The Parthenon

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Marshall celebrates International Children’s Day with display of popular children’s books

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The library, along with assistance from the department of education, played host to the International Children’s Day event to promote reading to people of all ages Monday.

April 2 is Hans Christian Andersen’s, an author famous for classics like “The Princess and the Pea” and “The Ugly Duckling,” birthday. The day is internationally known as a day to celebrate children’s literature.

The books chosen for display come from an international committee known as the United States Board on Books for Young People. This organization works together to recognize children’s books as having international importance, whether it is for where the books come from or what stories they tell about other cultures.

Zana Sueme, a staff librarian in acquisition, stated the goal of the event was to help students understand that learning about different cultures can be beneficial for growing children.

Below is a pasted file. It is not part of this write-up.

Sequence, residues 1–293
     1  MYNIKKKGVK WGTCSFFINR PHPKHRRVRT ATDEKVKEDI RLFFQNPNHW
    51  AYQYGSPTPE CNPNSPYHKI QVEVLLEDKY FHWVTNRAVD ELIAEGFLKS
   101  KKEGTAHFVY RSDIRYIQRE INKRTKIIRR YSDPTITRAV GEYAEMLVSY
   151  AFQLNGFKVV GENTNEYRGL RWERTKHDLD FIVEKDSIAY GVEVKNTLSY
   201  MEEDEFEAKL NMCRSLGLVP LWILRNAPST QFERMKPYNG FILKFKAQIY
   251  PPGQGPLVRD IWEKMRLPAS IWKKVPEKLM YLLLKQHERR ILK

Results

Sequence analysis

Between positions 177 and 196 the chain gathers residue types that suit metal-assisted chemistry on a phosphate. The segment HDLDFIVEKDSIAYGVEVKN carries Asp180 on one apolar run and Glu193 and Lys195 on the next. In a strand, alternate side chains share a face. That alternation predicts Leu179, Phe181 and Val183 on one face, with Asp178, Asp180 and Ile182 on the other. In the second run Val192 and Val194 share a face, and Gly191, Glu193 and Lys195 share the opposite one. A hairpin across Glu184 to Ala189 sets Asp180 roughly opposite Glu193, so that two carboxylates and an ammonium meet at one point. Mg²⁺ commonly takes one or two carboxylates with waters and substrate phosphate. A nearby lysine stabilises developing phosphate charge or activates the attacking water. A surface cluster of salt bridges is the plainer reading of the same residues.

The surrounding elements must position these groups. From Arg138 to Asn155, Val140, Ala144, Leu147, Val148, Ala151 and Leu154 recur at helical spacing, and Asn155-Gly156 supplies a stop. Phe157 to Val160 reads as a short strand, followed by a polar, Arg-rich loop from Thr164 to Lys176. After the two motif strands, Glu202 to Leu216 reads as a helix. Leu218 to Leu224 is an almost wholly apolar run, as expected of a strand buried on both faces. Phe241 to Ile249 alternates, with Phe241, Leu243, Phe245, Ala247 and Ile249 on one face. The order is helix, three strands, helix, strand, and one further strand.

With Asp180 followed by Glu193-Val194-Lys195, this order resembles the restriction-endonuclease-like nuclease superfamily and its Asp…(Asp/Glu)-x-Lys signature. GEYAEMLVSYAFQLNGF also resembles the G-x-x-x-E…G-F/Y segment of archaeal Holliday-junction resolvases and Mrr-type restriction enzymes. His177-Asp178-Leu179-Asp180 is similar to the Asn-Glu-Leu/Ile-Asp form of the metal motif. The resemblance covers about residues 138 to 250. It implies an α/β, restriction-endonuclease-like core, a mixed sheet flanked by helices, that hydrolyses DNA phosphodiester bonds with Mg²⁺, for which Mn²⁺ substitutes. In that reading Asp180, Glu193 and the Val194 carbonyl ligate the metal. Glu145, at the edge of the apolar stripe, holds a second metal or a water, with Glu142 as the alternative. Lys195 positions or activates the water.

“This event is for everyone,” Sueme said, “but education students can use books like these for lesson plans and future plans to teach children about cultures and different ways to live.”

Isaac Larison and Sueme both presented books to the attendees to give a glance of how other people react to different events. Both speakers chose books about rain, but one consisted of a young girl that feared storms and the other book consisted of a boy who loved the rain.

This is the fourth year Marshall has celebrated International Children’s Day. Larison, the associate professor for the college of education, said the purchase of the books helps contribute to the newly adopted Open for All campaign.

“This really helps show that we are open to all,” Larison said. “Marshall has such a big portion of international students, and having books like these can help them feel included. Or if they are going to be teachers, they can use these books to include other international students they may teach one day.”

The event consisted of a wide range of books displayed for students to look at and interactive readings of a couple different books from the main coordinators of the event, Larison and Sueme. The students were also given the opportunity to get their photo taken in front of a green screen and decide which background promoting reading they wanted.

Sarah Ingram can be contacted at [email protected]

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